Wednesday, December 1, 2010

Testifying for Healthy Schools

Given before the D.C. Council yesterday, as it considers removing funds for better school food in the District as part of a plan proposed by outgoing Mayor Adrian Fenty to close a $188 million budget gap.

My name is Andrea Northup and I coordinate the D.C. Farm to School Network, a program of the Capital Area Food Bank. The Network aims to improve child health in the District by increasing access to healthy, local food in school meals.

My message for you today is that the Council must maintain funding in the Fiscal Year 2011 budget for the Healthy Schools Act. Specifically, I urge you to reject the section of the Mayor’s Gap-Closing Plan that calls for elimination of funding and FTE’s for Healthy Schools Act initiatives in the Office of the State Superintendent of Education and the Office of Public Education Facilities Management.

The Healthy Schools Act has attracted national recognition for its comprehensive approach to improving child health and wellness. The Act sets high standards for school nutrition, expands access to school meals, increases physical and health education requirements, and more. For the more than 70,000 children currently attending D.C. Public and public charter schools, the proposed $5.2 million in cuts to Healthy Schools Act implementation would be a major step backward, just as the city is making real strides in its struggle against the rising tides of childhood obesity and hunger.

Half of Washington, DC youth are at risk of hunger, a third live in poverty and over a third of all District youth are obese or overweight. Most get their main meals each day at school, especially during these tough economic times. Hunger and malnutrition have serious effects on child health, cognitive function, growth and development. If left underserved, these at-risk youth will become drains on the District’s dime as unhealthy, unproductive adults. It’s shortsighted not to see the costs that will accrue down the road if we don’t act to address the epidemics of child hunger and obesity NOW.

In May 2010, the Council unanimously enacted the Healthy Schools Act, then approved a 6 percent sales tax on soda to secure an estimated $8 million to fund the Act. We must NOT allow the Mayor to take away this funding that was promised specifically for the health and well-being of schoolchildren in the District of Columbia. Difficult choices must be made in this harsh economy, but the health of vulnerable children in the District must NOT be compromised.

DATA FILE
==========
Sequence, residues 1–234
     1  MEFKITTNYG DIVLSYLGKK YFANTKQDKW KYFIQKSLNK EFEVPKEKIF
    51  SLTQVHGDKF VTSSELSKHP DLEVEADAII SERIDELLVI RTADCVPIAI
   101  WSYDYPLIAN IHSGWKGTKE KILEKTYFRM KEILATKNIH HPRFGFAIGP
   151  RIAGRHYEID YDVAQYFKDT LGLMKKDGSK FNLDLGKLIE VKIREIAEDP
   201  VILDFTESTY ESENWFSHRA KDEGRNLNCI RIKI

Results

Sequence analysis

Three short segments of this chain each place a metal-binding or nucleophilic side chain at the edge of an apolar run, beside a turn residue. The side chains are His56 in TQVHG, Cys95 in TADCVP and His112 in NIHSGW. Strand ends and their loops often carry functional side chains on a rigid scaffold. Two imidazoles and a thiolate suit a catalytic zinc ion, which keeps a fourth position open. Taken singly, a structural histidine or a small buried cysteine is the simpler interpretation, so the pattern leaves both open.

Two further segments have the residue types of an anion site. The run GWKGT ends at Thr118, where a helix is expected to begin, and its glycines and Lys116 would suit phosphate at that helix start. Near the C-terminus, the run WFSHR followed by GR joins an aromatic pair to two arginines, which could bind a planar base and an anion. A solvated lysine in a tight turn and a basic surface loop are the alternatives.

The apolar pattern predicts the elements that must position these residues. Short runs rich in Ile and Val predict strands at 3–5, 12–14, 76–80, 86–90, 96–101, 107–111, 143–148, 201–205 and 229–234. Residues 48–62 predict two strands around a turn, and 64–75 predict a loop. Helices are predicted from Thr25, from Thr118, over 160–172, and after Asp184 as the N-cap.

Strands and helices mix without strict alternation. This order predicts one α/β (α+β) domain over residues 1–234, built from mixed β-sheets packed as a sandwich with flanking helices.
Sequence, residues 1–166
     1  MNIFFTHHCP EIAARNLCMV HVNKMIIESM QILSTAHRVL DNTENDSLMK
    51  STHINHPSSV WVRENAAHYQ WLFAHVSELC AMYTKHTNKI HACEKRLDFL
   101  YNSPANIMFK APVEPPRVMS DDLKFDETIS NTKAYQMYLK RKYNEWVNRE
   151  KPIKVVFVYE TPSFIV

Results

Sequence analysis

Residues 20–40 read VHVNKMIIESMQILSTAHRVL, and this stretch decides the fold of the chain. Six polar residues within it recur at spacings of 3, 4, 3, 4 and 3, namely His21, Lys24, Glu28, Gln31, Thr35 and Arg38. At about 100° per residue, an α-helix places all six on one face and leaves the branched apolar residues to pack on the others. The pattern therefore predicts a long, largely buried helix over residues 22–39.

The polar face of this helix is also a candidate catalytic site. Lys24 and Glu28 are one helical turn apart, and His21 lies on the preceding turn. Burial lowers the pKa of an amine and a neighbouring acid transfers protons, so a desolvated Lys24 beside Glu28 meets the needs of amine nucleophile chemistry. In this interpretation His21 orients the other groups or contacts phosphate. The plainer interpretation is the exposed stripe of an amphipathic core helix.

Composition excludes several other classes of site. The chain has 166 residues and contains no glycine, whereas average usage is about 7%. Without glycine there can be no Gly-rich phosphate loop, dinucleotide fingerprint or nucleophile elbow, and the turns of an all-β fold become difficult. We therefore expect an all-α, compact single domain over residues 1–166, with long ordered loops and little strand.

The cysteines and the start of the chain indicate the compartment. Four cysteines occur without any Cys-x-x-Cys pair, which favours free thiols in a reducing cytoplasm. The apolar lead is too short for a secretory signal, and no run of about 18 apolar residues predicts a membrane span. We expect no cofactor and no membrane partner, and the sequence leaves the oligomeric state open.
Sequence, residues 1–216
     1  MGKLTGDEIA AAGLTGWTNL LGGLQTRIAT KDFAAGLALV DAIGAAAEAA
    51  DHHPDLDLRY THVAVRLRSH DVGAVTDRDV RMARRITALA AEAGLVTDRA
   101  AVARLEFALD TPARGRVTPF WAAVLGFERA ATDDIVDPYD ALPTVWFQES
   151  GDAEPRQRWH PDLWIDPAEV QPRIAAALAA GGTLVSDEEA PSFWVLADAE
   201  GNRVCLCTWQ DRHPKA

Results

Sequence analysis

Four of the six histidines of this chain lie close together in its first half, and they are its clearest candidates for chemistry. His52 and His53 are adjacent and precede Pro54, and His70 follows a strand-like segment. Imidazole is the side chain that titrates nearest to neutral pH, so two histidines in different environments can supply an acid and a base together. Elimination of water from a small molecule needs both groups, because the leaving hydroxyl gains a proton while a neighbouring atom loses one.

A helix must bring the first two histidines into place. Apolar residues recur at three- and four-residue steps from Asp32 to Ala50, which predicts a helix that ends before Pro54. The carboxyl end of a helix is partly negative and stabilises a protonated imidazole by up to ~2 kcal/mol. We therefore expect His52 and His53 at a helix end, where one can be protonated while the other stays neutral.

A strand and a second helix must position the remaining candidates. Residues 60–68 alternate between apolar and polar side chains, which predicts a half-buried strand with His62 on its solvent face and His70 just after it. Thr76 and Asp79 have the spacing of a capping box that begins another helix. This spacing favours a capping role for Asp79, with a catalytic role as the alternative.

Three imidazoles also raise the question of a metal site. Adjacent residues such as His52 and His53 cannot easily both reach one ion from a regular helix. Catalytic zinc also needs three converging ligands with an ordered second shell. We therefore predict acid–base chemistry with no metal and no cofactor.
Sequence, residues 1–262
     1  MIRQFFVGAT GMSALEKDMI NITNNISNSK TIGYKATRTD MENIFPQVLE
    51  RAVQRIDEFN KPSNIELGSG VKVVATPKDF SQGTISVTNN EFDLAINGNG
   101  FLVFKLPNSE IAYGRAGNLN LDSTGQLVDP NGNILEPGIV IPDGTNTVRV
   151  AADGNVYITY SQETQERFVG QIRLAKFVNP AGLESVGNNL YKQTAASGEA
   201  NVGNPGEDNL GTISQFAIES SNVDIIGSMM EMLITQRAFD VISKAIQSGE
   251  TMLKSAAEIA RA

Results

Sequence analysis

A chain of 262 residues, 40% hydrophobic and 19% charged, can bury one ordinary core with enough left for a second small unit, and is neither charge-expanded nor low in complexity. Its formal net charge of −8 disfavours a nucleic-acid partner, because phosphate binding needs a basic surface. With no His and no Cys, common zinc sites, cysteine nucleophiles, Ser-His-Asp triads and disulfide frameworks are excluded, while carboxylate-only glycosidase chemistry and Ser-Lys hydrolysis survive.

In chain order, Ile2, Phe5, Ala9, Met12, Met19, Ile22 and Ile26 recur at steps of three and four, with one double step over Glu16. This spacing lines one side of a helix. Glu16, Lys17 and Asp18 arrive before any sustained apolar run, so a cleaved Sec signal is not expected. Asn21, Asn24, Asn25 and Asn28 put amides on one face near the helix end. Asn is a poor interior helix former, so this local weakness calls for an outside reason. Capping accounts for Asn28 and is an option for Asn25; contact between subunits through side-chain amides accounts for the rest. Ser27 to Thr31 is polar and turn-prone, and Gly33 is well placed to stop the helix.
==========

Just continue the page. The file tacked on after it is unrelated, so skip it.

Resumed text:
Doing so would counter the recent momentum of Healthy Schools Act implementation. Schools have made serious investments in order to comply with the Act’s strong nutrition requirements, banking on funding incentives in the Act. Healthier, tastier meals are being served in cafeterias city-wide. Schools have re-written contracts with their food service vendors. Jobs have been created as schools replace processed convenience food with from-scratch meals using high quality ingredients. More students are participating in school meals, and parents and students are behind the reforms. Schools CAN NOT sustain changes like these without Healthy Schools Act funding, even though healthier meals been overwhelmingly well-received.

The rest of the nation is watching these changes taking place in the District with a critical eye. Will the Council step up and fully fund the Healthy Schools Act, and prove that we can reverse some of the nation’s highest child poverty and obesity rates? Or will the Council sit idly by as funding promised to D.C. children gets absorbed into the city coffers? Thank you for the opportunity to testify today, and feel free to contact me with further questions.

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